sudo apt-get install llvm-7
sudo pip3 install llvmlite 
sudo apt-get install libblas-dev liblapack-dev libatlas-base-dev gfortran

Incase if this installation throws LLVM_CONFIG not found, then create the ln for the llvm-config-7 as below. Just ensure that you have llvm-config under /usr/bin path.

/usr/bin$ sudo ln -s llvm-config-7 llvm-config

Great! Now librosa will get easily install,

sudo pip3 install librosa

Collecting librosa
Downloading https://files.pythonhosted.org/packages/ad/6e/0eb0de1c9c4e02df0b40e56f258eb79bd957be79b918511a184268e01720/librosa-0.7.0.tar.gz (1.6MB)
|████████████████████████████████| 1.6MB 1.2MB/s 
Collecting audioread>=2.0.0 (from librosa)
Downloading https://files.pythonhosted.org/packages/2e/0b/940ea7861e0e9049f09dcfd72a90c9ae55f697c17c299a323f0148f913d2/audioread-2.1.8.tar.gz
Requirement already satisfied: numpy>=1.15.0 in /usr/local/lib/python3.6/dist-packages (from librosa) (1.16.4)
Collecting scipy>=1.0.0 (from librosa)
Using cached https://files.pythonhosted.org/packages/cb/97/361c8c6ceb3eb765371a702ea873ff2fe112fa40073e7d2b8199db8eb56e/scipy-1.3.0.tar.gz
Installing build dependencies ... done
Getting requirements to build wheel ... done
Preparing wheel metadata ... done
Collecting scikit-learn!=0.19.0,>=0.14.0 (from librosa)
Downloading https://files.pythonhosted.org/packages/57/5c/133b464c8d0be7ac8c9414b6ff2ae848808a35ce03b146fc2c43777e51f9/scikit-learn-0.21.2.tar.gz (12.2MB)
|████████████████████████████████| 12.2MB 1.5MB/s 
Collecting joblib>=0.12 (from librosa)
Downloading https://files.pythonhosted.org/packages/cd/c1/50a758e8247561e58cb87305b1e90b171b8c767b15b12a1734001f41d356/joblib-0.13.2-py2.py3-none-any.whl (278kB)
|████████████████████████████████| 286kB 1.5MB/s 
Requirement already satisfied: decorator>=3.0.0 in /usr/local/lib/python3.6/dist-packages (from librosa) (4.4.0)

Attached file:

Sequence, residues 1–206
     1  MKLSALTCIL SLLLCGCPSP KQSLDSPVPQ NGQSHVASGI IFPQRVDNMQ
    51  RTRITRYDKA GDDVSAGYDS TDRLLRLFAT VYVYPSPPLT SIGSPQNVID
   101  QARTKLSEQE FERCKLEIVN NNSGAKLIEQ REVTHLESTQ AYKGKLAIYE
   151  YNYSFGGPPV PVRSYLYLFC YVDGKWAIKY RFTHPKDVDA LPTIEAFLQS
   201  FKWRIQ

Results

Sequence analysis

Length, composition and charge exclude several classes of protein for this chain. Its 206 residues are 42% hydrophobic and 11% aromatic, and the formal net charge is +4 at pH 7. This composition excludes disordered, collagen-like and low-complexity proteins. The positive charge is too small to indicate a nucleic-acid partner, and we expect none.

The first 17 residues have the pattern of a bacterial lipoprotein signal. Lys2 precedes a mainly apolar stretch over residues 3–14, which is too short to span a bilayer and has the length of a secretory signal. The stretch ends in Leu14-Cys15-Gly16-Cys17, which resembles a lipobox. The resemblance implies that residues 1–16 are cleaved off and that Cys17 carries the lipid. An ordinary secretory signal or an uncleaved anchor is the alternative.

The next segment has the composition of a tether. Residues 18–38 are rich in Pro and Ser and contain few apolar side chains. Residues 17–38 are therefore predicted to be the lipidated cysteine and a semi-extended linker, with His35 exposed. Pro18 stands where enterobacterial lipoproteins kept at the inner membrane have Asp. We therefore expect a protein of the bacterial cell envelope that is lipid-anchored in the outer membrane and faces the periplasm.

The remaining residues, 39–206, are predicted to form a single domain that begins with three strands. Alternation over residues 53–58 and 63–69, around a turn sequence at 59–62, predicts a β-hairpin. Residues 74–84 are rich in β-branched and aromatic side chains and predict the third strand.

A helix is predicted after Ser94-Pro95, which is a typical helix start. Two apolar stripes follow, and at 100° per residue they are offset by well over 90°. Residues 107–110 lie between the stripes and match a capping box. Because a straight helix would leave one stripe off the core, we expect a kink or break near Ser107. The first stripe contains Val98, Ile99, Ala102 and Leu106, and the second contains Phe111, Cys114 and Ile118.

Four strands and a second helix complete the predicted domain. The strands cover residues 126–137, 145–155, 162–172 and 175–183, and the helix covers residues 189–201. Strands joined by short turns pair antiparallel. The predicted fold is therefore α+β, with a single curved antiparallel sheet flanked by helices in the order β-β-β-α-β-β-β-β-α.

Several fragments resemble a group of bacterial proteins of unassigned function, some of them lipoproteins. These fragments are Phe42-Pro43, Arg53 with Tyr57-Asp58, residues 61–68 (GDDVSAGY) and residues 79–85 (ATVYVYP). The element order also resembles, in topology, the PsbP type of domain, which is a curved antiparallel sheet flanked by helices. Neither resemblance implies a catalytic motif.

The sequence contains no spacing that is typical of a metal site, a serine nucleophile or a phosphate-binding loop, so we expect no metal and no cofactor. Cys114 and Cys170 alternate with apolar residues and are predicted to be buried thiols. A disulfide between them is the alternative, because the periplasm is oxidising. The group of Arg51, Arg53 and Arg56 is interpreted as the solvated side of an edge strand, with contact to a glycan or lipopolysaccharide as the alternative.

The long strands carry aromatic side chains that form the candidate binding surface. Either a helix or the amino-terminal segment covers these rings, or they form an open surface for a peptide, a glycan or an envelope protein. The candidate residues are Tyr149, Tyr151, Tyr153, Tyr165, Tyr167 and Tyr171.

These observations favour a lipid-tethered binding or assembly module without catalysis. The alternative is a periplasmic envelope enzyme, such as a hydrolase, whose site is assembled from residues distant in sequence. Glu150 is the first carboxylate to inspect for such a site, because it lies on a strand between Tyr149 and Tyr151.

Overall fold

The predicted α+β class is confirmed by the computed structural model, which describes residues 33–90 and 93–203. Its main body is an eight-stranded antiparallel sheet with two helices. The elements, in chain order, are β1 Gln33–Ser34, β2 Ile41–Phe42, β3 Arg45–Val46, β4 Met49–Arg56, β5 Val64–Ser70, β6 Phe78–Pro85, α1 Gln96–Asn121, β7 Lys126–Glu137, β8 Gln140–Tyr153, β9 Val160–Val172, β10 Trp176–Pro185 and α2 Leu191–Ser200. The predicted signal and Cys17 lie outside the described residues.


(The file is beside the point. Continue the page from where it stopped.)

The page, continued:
Requirement already satisfied: six>=1.3 in /usr/local/lib/python3.6/dist-packages (from librosa) (1.12.0)
Collecting resampy>=0.2.0 (from librosa)
Downloading https://files.pythonhosted.org/packages/14/b6/66a06d85474190b50aee1a6c09cdc95bb405ac47338b27e9b21409da1760/resampy-0.2.1.tar.gz (322kB)
|████████████████████████████████| 327kB 1.6MB/s 
Collecting numba>=0.38.0 (from librosa)
Downloading https://files.pythonhosted.org/packages/7e/89/853a1f03b09f1b13b59c3d785678b47daac6ddd24a285f146d09bb723b85/numba-0.45.0.tar.gz (1.8MB)
|████████████████████████████████| 1.8MB 1.8MB/s 
Collecting soundfile>=0.9.0 (from librosa)
Downloading https://files.pythonhosted.org/packages/68/64/1191352221e2ec90db7492b4bf0c04fd9d2508de67b3f39cbf093cd6bd86/SoundFile-0.10.2-py2.py3-none-any.whl
Requirement already satisfied: llvmlite>=0.29.0dev0 in /usr/local/lib/python3.6/dist-packages (from numba>=0.38.0->librosa) (0.29.0)
Collecting cffi>=1.0 (from soundfile>=0.9.0->librosa)
Downloading https://files.pythonhosted.org/packages/93/1a/ab8c62b5838722f29f3daffcc8d4bd61844aa9b5f437341cc890ceee483b/cffi-1.12.3.tar.gz (456kB)
|████████████████████████████████| 460kB 1.5MB/s 
Collecting pycparser (from cffi>=1.0->soundfile>=0.9.0->librosa)